But whereas by certain acts of the government of the U. States of America, all British armed vessels are excluded from the harbors and waters of the said U. States, the armed vessels of France being permitted to enter therein, and the commercial intercourse between G. Britain and the said. U. States is interdicted, the commercial intercourse between France and the said U. States having been restored his royal highness, the prince regent is pleased hereby further to declare, in the name and on the behalf of his majesty, that if the government of the said U. States shall not as soon as may be after this order shall have been duly notified by his majesty's minister in America to the said government, revoke or cause to be revoked the said acts, this present Order shall in that case, after clear notice signi-, fied by his majesty's minister in America, to the said gov ernment, be thenceforth null and of no effect.
. It is further ordered and declared, that all American vessels and their cargoes, being American property, that shall have been captured subsequently to the 28th of May last, for a breach of the aforesaid Orders in Council alone, and which shall not have been actually condemned before the date of this Order, and that all ships and cargoes as aforesaid, that shall henceforth be captured under the said Orders, prior to the 1st day of August next, shall not be proceeded against to condemnation, until further orders, but shall, in the event of this Order not becoming null and of no effect, in the case aforesaid, be forthwith liberated and restored, subject to such reasonable expences on the part of the captors, as shall have been justly incurred.
Provided that nothing in the Order contained respecting the revocation of the Orders herein mentioned, shall be taken to revive wholly, or in part, the Orders in Council of the 11th of November, 1807, or any other Order not herein mentioned, or to deprive parties of any legal remedy to which they may be entitled, under the Order in Council, of the 21st of April, 1812.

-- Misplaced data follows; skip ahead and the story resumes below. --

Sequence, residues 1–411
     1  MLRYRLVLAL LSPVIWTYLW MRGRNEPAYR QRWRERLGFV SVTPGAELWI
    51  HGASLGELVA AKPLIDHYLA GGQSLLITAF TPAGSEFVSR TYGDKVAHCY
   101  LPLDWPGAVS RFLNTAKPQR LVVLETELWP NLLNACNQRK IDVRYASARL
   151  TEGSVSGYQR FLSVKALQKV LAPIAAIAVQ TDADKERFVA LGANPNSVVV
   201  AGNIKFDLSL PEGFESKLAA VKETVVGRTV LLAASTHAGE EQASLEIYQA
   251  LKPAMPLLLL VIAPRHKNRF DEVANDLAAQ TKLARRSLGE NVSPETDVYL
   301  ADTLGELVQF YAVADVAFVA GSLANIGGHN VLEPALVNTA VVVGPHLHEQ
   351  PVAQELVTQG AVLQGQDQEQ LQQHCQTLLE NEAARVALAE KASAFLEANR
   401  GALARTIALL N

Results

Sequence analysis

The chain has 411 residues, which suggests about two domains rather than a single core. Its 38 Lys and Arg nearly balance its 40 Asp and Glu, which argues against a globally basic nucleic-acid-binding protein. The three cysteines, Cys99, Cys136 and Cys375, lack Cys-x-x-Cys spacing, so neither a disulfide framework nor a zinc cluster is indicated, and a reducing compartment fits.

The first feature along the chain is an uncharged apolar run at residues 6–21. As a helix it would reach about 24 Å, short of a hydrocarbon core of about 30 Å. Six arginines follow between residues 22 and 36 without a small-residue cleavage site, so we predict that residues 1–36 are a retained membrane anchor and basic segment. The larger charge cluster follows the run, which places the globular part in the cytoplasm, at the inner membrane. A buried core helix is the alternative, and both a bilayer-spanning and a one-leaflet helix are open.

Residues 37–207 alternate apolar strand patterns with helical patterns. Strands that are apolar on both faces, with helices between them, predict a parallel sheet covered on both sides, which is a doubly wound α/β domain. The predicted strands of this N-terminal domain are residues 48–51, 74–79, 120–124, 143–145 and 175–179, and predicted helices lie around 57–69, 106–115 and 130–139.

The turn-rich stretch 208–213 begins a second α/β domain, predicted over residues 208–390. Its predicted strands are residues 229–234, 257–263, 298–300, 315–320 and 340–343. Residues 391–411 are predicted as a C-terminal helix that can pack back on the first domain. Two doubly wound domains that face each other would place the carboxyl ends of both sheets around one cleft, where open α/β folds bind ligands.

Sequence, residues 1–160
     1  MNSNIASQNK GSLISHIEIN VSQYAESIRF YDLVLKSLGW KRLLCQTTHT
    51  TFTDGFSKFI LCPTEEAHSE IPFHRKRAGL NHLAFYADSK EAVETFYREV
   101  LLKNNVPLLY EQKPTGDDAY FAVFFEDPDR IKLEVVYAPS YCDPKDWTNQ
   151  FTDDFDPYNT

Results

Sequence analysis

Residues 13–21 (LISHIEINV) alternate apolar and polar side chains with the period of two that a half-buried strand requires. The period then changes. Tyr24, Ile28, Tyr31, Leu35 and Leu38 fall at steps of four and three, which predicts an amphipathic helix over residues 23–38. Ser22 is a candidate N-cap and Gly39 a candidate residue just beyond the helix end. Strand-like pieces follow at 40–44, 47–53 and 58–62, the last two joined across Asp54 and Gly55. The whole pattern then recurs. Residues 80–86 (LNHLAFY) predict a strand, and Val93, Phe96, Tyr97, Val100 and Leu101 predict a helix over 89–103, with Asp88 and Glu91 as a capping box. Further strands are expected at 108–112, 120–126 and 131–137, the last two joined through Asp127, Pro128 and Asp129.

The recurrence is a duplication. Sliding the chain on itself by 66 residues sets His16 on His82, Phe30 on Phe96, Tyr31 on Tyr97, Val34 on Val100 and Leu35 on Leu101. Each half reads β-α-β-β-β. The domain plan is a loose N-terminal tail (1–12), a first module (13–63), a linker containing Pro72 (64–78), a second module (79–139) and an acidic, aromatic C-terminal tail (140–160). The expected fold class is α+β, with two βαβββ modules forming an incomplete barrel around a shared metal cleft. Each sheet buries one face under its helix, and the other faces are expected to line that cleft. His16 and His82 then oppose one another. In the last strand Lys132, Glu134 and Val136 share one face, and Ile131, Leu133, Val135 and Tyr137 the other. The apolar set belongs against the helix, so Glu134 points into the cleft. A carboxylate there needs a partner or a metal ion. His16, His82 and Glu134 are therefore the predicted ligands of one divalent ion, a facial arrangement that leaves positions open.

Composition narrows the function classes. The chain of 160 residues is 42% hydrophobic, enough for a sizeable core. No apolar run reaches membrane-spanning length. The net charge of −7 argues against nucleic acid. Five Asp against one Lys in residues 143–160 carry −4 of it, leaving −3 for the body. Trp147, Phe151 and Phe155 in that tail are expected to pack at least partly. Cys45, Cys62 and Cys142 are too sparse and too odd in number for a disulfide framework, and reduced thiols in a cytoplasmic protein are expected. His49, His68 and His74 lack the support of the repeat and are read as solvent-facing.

His royal highness, the prince regent is hereby pleased further to declare, in the name and on the behalf of his majesty, that nothing in the present Order contained shall bet understood to preclude his royal highness, the prince regent, if circumstances shall so require, from restoring, after reasonable notice, the Orders of the 7th of January, 1807, and the 26th of April, 1809, or any part thereof, to their full effect, or from taking such other measures of retaliation against the enemy, as may appear to his royal highness to be just and necessary.
And the right honorable the lords commissioners of his majesty's treasury, his majesty's principal secretaries of state, the lords commissioners of the Admiralty and the Judge of the high Court of Admiralty, and the Judge of the Court of Vice Admiralty, are to take the necessary measures herein, as to them may respectively appertain.
Gen. Hull to the Secretary of War.
MONTREAL, Sept. 8th, 1812. SIR-The inclosed dispatch was prepared on my arrival at Fort George, and it was my intention to have forwarded it from that place by Major Witherell, of the
Michigan volunteers. I made application to the commanding officer at that post, and was refused; he stating that he was not authorised, and Gen. Brock was then at York. We were immediately embarked for this place, and Major Witherell obtained liberty at Kingston tó go home on parole.
This is the first opportunity I have had to forward the dispatches.
The fourth U. States' regiment is destined for Quebec, with a part of the first. The whole consist of a little over three hundred.